Easy-to-care-for Easter lilies can continue beyond the holiday
Symbol of the resurrection
The Easter lily is a seasonal icon, one that can be found filling places of worship throughout the area.
Its trumpet-shaped white flowers have come to represent purity, hope and life everlasting. Throughout history, lilies have been used in poems, scripture and art to commemorate the resurrection of Jesus Christ and white lilies especially have been associated with the Virgin Mary.
“They’ve really become a symbol of the Easter season,” said Jeff Becker, of Becker Florists and Garden Center, in Fort Dodge. “They represent the resurrection. The bulbs are dormant then come to life.”
It’s this connection to the Christian holiday that not only gives the flower its name, he said, but also results in their presence surrounding crosses and flanking altars in chapels and churches everywhere.
Rick Lamoureux, greenhouse manager for Smitty’s Lawn, Landscape and Garden, in Fort Dodge, said in addition to placing them in churches, people will also give them as gifts and add them to their own home decor.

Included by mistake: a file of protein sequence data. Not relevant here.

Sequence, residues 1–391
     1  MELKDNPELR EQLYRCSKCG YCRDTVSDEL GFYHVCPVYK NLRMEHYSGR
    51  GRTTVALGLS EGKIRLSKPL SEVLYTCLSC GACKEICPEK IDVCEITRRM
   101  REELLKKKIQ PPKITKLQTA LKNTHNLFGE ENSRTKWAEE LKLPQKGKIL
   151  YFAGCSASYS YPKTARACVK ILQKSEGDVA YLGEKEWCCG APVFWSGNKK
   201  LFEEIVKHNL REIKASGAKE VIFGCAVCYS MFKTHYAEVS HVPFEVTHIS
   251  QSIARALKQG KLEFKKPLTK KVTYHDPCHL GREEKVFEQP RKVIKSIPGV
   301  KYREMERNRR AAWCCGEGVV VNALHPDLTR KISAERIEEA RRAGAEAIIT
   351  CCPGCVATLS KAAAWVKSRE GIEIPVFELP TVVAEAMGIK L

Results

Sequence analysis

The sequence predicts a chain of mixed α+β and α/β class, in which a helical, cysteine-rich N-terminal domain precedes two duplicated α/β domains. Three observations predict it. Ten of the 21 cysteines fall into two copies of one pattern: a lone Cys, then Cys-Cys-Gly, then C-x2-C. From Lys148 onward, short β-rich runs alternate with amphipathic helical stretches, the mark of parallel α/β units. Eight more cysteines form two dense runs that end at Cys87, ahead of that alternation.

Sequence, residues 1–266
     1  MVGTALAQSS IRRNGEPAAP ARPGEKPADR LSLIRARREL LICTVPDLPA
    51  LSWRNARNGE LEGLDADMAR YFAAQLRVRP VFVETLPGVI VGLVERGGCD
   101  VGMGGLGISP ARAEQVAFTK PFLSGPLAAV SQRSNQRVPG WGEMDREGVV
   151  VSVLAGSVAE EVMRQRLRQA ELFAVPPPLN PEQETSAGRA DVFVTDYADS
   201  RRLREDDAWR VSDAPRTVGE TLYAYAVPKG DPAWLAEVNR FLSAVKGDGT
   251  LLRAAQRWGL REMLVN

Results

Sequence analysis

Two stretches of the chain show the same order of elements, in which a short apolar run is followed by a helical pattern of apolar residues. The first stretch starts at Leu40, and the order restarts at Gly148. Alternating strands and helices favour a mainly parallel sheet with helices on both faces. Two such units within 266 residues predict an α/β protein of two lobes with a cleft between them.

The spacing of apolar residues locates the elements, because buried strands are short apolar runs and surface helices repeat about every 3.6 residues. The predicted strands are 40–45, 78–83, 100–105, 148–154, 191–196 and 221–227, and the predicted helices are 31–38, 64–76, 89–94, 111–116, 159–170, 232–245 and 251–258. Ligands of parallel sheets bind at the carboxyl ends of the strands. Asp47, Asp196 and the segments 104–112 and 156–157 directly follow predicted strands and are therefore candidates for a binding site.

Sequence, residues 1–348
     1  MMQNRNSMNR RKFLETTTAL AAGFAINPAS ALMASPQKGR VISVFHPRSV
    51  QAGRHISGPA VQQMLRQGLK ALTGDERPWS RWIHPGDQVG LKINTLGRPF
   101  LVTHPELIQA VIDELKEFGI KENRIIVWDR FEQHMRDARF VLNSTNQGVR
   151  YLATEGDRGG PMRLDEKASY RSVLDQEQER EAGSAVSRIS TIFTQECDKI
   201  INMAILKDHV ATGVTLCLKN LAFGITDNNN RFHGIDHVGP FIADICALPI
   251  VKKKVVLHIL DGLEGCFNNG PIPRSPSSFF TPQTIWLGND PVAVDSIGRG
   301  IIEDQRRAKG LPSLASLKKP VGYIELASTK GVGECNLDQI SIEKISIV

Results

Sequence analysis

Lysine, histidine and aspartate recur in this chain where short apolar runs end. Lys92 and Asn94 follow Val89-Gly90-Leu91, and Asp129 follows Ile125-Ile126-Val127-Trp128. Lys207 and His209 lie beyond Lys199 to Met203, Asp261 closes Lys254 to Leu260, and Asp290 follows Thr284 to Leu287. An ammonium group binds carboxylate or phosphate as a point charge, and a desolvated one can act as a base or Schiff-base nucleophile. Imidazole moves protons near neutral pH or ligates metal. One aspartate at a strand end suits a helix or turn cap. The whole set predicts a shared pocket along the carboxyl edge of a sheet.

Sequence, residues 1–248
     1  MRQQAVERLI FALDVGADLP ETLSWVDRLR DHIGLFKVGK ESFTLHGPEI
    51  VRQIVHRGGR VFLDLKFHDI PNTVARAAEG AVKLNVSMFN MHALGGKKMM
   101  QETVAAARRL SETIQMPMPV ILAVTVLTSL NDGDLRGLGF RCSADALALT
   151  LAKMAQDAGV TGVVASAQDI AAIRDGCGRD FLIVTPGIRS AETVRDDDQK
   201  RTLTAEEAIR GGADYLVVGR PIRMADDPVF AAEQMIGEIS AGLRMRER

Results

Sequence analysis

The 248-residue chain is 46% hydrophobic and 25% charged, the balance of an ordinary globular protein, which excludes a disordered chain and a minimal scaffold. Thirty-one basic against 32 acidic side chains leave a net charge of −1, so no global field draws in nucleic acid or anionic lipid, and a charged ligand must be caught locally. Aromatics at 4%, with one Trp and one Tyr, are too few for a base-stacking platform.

“A lot of it is tradition,” he said. “Also, people like that they are blooming in time for the holiday.”
Caring for the lily is relatively easy, Becker said. People can water the plant when the soil feels dry to the touch. It is suggested people keep a drain saucer under the base of the pot to catch excess water run-through. That saucer needs to be drained to prevent root rot. Also, moderate temperatures are preferred by the lily, so avoid displaying them in excessively hot or cold areas.
The plant’s white flowers typically open and remain for about a week, Becker said. If you select a plant with different stages of buds on it, the lily can bloom for a month or longer.
Lamoureux said people can extend the presence of the blooms even longer by reaching into the flower and pinching off and removing the yellow pollen anthers.
“It delays the cycle and holds the blossom longer,” he said.
Once the lily has finished blooming, the plant can go outside, Becker said. Find a protected spot on the south side of the house where more sun is typically found and plant the bulb. Gardeners can sometimes see new shoots emerge that flower in July or August, but if the plant doesn’t flower later that summer, it usually will flower the next season.
Becker suggested people with allergies or sensitivities to the scent of the lily can try a mixture of other flowering plants, such as hydrangeas.
A few common alternatives listed by Lamoureux include peace lilies, the flowering white kalanchoe plant and the Martha Washington geranium.